All eyes right now are on the so-called “Charleston loophole,” and federal legislation ostensibly designed to close that alleged loophole could be heard in the U.S. Congress as early as this week. However, even many who are well versed in the ongoing debate over the Second Amendment get confused by the term.
So, what is the “Charleston loophole,” anyway? And why do so many anti-gun legislators want to “close” that loophole?
We must start by looking at the origin of the National Instant Criminal Background Check System (NICS), which was eventually included as part of the Brady Bill. When the Brady Bill was introduced, it included a mandatory five-day waiting period before a prospective purchaser of a handgun from a Federal Firearms Licensee (FFL) could take possession of the handgun being purchased. During that five days, the federal government intended to force local law enforcement where the purchase was to take place to conduct a background check of the purchaser. This unfunded mandate was later struck down as unconstitutional by the Supreme Court in the NRA-backed case of Printz v. US.
In other words, had NICS not been incorporated into the Brady Bill, after the Printz case, we would have been left with a national five-day waiting period on handgun purchases from FFLs.
Realizing that background checks wouldn’t always be as “instant” as implied in the name, pro-gun lawmakers also managed to pass an amendment saying that if the background check was not completed within three business days (hardly instant, to be sure), the FFL would have the option to proceed with the transfer.
In a nutshell, that three-business-day provision is what gun-ban activists now call the “Charleston loophole.” But even that is nonsensical if you look into the matter further.
As a little background, think back to the 2015 attack at the Emanuel African Methodist Episcopal Church in Charleston, S.C. While those on the anti-gun side of the debate claim the murderer received his gun three days after the NICS check didn’t flag him as a prohibited person, that’s not the truth.
In reality, he first attempted to buy the gun on April 11 of that year, but was delayed due to a prior arrest for drug possession. The gun was actually transferred to him on April 16—five days after his attempt to purchase it.
“So what?” some might say. “Whether three days or five, someone who was legally prohibited got a gun.”
That, however, is not true, either. The attack didn't occur until June 17, more than two months after the murderer first tried to buy the firearm. During that time, the FBI continued to investigate to determine whether the transaction should have proceeded. The FBI investigation was not impeded because the firearm was transferred.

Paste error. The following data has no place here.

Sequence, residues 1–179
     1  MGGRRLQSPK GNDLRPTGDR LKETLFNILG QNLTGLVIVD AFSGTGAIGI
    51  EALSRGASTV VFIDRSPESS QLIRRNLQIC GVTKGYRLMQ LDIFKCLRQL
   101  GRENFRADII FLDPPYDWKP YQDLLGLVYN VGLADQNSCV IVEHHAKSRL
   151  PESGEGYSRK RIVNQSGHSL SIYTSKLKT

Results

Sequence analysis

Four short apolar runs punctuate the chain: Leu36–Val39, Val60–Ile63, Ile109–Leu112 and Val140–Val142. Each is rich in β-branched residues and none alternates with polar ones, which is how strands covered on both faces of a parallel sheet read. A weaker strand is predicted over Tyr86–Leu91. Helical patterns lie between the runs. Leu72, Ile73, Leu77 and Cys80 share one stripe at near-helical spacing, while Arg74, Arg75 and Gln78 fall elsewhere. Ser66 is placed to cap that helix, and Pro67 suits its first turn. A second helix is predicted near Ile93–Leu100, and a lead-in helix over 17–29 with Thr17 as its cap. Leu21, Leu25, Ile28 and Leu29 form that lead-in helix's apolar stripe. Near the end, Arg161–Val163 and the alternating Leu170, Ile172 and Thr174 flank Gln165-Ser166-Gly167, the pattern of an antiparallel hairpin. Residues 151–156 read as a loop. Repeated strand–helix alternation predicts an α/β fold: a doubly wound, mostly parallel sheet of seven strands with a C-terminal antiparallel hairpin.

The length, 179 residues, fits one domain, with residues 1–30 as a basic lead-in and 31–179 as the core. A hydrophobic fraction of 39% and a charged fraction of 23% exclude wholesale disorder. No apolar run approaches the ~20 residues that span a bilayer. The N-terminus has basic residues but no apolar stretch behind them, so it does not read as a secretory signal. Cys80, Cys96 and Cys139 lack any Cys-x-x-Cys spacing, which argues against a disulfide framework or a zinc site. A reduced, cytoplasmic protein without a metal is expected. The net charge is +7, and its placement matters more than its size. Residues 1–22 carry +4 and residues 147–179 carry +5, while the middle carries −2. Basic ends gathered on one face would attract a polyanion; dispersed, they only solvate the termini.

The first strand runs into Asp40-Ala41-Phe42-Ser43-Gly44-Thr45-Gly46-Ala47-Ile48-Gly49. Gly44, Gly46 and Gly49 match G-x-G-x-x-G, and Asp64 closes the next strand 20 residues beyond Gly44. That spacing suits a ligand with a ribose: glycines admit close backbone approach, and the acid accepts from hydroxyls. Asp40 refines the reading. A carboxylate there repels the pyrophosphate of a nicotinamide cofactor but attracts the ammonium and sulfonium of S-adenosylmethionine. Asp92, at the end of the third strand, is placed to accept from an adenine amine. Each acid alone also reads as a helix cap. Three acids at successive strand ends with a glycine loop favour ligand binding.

Furthermore, under the law, if it is later determined that a transaction should have been denied, the case is referred to ATF for recovery of the firearm. That didn't happen in this case because the murderer was not prohibited from possessing a firearm due to his drug arrest. Under federal law, a person has to be an unlawful “user” of a controlled substance, so the government needs evidence of use, not simply possession, of a controlled substance.
Consequently, the current attack on the portion of the legislation that created NICS, which allows firearms to be transferred if the background check isn’t completed within three business days, is named after a tragedy that would not have been prevented by lengthening the three-day period.
Why do anti-gunners in Congress want to close that “loophole” then? That’s a good question. And, as with most gun-control schemes, this one is less about guns and more about control.
The three-day proceed-to-sale provision is basically a safety valve thoughtfully built into the system to ensure that U.S. gun purchasers are not denied their Second Amendment rights for an arbitrary, indeterminate length of time. Without the three-day provision, the FBI has no incentive at all to complete checks in a timely manner.
In the end, the proposed legislation is designed so that the FBI could take much more than the prescribed three days to do NICS checks. And that is undoubtedly a very bad thing. The result could be a corrupt anti-gun administration completely shutting down—or at least vastly slowing down—gun sales to law-abiding Americans.
There’s likely no more-effective way to infringe on the Second Amendment-protected right to keep and bear arms than by allowing the government to shut down gun sales for days at a time simply at the whim of a president, attorney general, or FBI director who doesn’t like private firearms ownership. And the politicians in Congress who are pushing so hard to get this measure approved are well aware of that fact.